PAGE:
Trump considered firing Mueller, source says

PHOTO: Robert Mueller is seated before President Barack Obama and FBI Director James Comey at an installation ceremony at FBI Headquarters in Washington, D.C., Oct. 28, 2013. PlayCharles Dharapak/AP
WATCH NYT: Trump ordered White House lawyer to fire special counsel Robert Mueller last June

A source familiar with White House deliberations tells ABC News that, last June, President Donald Trump expressed frustration at the special counsel’s probe and wanted to fire Robert Mueller.

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A number of aides and attorneys were against the notion, believing that it would create a firestorm of criticism against Trump, the source said.

According to the source, White House counsel Donald McGahn and other attorneys made clear they were not in favor of such a move. The news of Trump’s desire to fire Mueller was first reported by the New York Times.

PHOTO: Don McGahn, lawyer for Donald Trump and his campaign, leaves the Four Seasons Hotel after a meeting with Trump and Republican donors, June 9, 2016. in New York City. Drew Angerer/Getty Images, FILE
Don McGahn, lawyer for Donald Trump and his campaign, leaves the Four Seasons Hotel after a meeting with Trump and Republican donors, June 9, 2016. in New York City.

According to the source, McGahn has considered resigning on at least two occasions. But the source did not know whether those considerations dealt specifically with the potential firing of Mueller.

However, the source was told there were times when McGahn was frustrated about issues in the White House.

The source also pointed out that the president vented about removing Mueller in fits and starts last summer.

PHOTO: Former FBI Director Robert Mueller, special counsel on the Russian investigation, leaves following a meeting with members of the U.S. Senate Judiciary Committee at the US Capitol, June 21, 2017, in Washington. Saul Loeb/AFP/Getty Images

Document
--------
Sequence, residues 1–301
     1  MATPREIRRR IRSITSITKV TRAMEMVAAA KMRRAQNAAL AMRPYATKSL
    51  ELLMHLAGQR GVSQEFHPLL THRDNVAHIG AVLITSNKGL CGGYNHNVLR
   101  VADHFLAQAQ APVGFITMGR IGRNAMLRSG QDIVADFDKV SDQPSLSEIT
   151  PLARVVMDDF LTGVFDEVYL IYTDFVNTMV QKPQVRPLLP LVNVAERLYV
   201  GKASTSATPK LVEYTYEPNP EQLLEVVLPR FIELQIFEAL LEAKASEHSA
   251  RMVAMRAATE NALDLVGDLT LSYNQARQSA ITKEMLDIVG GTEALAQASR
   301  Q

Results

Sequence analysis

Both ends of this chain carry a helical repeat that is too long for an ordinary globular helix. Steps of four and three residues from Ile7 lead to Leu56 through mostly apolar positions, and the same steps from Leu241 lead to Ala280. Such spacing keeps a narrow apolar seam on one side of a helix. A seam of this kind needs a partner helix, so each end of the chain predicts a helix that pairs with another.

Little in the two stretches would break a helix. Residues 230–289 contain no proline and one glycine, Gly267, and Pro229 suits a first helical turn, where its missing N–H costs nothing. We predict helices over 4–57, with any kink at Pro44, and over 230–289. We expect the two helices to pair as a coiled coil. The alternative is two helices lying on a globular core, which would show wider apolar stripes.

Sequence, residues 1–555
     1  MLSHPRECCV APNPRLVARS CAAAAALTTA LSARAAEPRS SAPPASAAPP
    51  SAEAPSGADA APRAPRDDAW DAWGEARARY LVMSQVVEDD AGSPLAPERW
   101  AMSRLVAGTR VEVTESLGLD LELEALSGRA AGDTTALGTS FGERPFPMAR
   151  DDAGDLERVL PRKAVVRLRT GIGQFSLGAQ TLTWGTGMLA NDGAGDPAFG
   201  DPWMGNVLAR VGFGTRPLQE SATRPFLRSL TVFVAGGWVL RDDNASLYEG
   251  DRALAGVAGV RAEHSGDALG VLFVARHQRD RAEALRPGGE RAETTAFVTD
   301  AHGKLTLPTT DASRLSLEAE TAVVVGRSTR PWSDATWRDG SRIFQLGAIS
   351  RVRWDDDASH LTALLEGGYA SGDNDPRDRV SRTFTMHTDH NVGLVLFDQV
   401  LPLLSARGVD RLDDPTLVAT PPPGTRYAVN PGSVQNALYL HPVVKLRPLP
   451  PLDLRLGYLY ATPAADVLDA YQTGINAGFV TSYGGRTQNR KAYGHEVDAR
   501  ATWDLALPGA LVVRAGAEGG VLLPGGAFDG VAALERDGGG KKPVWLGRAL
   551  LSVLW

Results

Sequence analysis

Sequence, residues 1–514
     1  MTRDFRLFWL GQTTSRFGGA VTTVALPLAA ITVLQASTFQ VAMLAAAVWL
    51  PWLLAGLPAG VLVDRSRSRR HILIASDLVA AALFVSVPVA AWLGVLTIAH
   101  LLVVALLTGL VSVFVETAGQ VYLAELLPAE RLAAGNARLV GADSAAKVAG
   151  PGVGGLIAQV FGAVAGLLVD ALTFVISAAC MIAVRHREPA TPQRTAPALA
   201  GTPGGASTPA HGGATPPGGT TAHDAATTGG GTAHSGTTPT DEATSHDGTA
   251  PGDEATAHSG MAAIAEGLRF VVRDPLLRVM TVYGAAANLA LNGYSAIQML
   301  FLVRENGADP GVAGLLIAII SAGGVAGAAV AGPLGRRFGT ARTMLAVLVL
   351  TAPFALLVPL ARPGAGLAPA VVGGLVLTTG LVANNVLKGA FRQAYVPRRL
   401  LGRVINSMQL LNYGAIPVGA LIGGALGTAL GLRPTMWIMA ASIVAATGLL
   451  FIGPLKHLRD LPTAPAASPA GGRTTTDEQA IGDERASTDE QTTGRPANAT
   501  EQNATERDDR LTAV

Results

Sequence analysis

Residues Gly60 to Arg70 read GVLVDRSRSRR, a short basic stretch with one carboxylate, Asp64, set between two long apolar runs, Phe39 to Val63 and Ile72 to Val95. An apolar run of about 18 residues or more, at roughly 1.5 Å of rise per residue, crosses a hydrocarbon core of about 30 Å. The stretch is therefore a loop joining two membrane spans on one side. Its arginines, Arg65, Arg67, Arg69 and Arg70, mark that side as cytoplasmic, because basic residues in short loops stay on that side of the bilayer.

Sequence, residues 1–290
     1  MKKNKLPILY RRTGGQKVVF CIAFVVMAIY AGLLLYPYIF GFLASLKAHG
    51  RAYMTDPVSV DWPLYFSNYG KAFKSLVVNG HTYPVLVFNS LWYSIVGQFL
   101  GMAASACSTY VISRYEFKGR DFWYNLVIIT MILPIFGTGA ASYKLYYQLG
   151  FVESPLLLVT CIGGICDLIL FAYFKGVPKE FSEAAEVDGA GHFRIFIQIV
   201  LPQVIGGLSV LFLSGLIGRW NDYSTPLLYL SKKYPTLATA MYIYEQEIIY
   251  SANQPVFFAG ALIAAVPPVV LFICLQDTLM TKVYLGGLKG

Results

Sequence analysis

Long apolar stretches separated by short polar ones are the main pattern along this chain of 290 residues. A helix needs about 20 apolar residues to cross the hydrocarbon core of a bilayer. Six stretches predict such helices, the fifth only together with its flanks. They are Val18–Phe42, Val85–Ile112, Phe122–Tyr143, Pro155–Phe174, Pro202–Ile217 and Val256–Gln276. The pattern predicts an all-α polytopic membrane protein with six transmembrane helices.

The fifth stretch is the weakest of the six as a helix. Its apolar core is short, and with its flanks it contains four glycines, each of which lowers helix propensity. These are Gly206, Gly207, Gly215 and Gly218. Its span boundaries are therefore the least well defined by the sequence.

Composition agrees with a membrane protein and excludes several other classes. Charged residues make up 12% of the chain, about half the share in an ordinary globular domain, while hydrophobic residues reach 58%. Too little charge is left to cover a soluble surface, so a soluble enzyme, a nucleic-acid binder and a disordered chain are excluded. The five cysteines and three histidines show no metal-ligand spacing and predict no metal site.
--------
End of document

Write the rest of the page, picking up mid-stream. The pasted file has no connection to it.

Former FBI Director Robert Mueller, special counsel on the Russian investigation, leaves following a meeting with members of the U.S. Senate Judiciary Committee at the US Capitol, June 21, 2017, in Washington.

In July, Trump apparently became frustrated again and there were discussions, according to the source, about finding conflicts of interest and other negative material on Mueller to weaken his credibility.

The source believes that if the effort found enough material or something weighty enough, the subject of firing Mueller would likely have come up again.

Ultimately, Trump did not execute any order to fire Mueller.

The New York Times reported that Trump “backed down after the White House counsel threatened to resign rather than carry out the directive.”

Trump called the reports “fake news” on Friday morning as he arrived at the World Economic Forum in Davos, Switzerland.

When reached by ABC News, Peter Carr, the special counsel’s spokesman, declined to comment on the New York Times' story.

Ty Cobb, the White House lawyer leading the response to the investigation, told ABC News, "We decline to comment out of respect for the Office of the Special Counsel and its process."

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